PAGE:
- Swiss Counter on the wings: The Greek’s dream of playing like the Swiss. They created a number of quality chances by quickly transitioning on the wings initiating the attack from the fullbacks or midfield.
- Mascherano’s English: He still kept it after leaving England in 2010. After reading his lips, you can tell he’s still got it.
- The Last 5 Minutes: Switzerland contained Lionel Messi for 117 minutes. Messi eventually found space as the game opened up, he ran at the defenders, jumped a tackle, drew the defense in and found Angel Di Maria open on the right for the game winner. The Swiss returned fire with everything they had including goalkeeper Diego Benaglio in for every free kick. The Swiss nearly tied it with a Blerim Dzemaili header six yards away from goal that hit the left post, then rebounded back to his knee and bounced wide.
- Swiss Execution: They can only blame themselves for not scoring. Josip Drmic scuffed a breakaway where he was alone with the keeper in the first half. See Last 5 Minutes above.
- Zonal Marking: Alejandro Moreno is not a fan.
- Jonas Eriksson’s Ball Skills: He stole the ball from Xherdan Shaqiri only to give it right back to the Swiss. Embarrassing moment but the Swiss kept possession, really Shaqiri is the worst loser for screaming at the official rather than getting into the play as his side had numbers going into the box.
Man of the Match: Lionel Messi
Belgium 2 – USA 1
- Tim Howard: The knockout round was filled with amazing goalkeeping performances. Howard’s 16 save performance was the best. That is most saves ever recorded in a World Cup match, since records for saves were not kept 50 years ago.
- Belgium Fit: The most common criticism of Belgium was their inability to have a strong start and that their goals only came late. Belgium with high profiled attacking talent had to grind out the victory, not scoring before the 70 minute mark. Belgium wore down the US despite have nearly even possession in regulation time.
- Kevin De Bruyne: Scored the first goal, assisted on the second and created 10 chances in total. The 23-year-old Wolfsburg midfielder was a handful pressuring under the forward. Additional he defended high as well winning 3 tackles and intercepting 3 passes in the US half. He can be the central attacking midfielder Jürgen Klinsmann was dreaming of, just in a Belgium jersey.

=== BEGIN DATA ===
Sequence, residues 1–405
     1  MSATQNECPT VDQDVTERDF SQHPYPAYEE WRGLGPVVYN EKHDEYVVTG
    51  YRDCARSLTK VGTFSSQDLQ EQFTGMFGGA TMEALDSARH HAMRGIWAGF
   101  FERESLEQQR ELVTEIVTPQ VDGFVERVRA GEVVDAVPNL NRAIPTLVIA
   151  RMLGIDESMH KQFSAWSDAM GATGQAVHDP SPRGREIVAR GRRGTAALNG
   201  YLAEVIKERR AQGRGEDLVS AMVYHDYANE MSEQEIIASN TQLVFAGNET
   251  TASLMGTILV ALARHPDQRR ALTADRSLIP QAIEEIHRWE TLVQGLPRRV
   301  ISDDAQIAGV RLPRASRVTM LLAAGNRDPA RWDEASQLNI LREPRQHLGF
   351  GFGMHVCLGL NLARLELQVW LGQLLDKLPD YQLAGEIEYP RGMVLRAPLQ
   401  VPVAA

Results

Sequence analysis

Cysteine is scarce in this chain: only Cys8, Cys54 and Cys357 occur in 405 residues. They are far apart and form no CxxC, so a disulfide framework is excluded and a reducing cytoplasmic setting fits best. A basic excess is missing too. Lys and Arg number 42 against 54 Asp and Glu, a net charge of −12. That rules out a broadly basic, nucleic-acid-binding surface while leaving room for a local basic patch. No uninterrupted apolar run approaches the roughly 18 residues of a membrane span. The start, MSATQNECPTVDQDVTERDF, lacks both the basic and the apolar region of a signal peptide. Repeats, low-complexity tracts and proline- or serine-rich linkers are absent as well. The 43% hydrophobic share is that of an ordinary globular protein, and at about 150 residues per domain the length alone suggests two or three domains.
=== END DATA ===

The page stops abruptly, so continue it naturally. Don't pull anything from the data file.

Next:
Losers: Modified to One Big Problem – US Midfield
- Defending: If Howard saved 16 shots it is because the team allowed 39 total, 18 were on target and 13 of those from inside the penalty. This massive sum was due in part to the fullbacks playing so high up the field and US’s inability to maintain possession. Belgium was happy to counter on the US and get them in transition with the centerbacks, Geoff Cameron, and the fullbacks up in possession having to scramble back. Would Kyle Beckerman have provided better defensive cover for the centerbacks? Possibly, but set piece defending was a high priority making Cameron a better option.
- Wide Midfielder: Unfortunately, the US was forced to bomb forward with both fullbacks because they got nothing offensively out of their wide midfielders. Alejandro Bedoya is a two-way player with limited offensive ability, his role was essentially a holding midfielder on the wing. Graham Zusi was to be Michael Bradley’s partner in possession. Zusi was non-existent, only attempting 24 passes with 16 completed. The best wide player in attack was DeAndre Yedlin, who pinned Jan Vertonghen deep and out of the Belgium attack. Rather than overrunning the flank and creating combinations, the fullbacks alone penetrated sending crosses to Clint Dempsey and a late runner. Belgium’s backline and keeper were too good to be threaten by that strategy.
- Possession: It is easy to place all the blame on Michael Bradley. When Bradley got space in the middle he seemingly always made the wrong decision. In reality, he completed 80 of 91 total passes, the issue for him was in the attacking third where he was 21 of 29. The US’s biggest problem is Bradleydidn’t have a partner in possession. Without Jozy Altidore, Dempsey couldn’t join in possession as the off the ball striker. The team can defend for 90 minutes, but not for 120. The US needed better quality to maintain possession to find those special through balls, flicks, or crosses to break good defensive squads.
Man of the Match: Tim Howard
This Round’s Throw In: MLS
- Two MLS All-Stars return from the World Cup looking to solve what ails their clubs. Tim Cahill returned to the New York Red Bulls as a hero scoring, perhaps, the goal of the tournament. Cahill was the hero again in 12 minutes for the Red Bulls with a header that set up the added time equalizer. The Honduras midfielder Boniek Garcia started the match for the struggling Houston Dynamos and was unable to solve their problem. Garcia played the full 90 in a 3-0 loss to the resurgent Montreal Impact.
- After it was announced Erick Torres will remain in with Chivas USA he returned to scoring form. Scoring in day-to-day games and the game winner against Real Salt Lake. The goal was a mirror image of Cahill’s goal for Australia. Definite Goal of the Week Winner.
- With summer coming, it is now or never for some teams’ season, specifically the Red Bulls, Portland Timber, and Houston Dynamo. I know never to bet against Dominic Kinnear. The season is nearly half way complete, time to smash the panic button.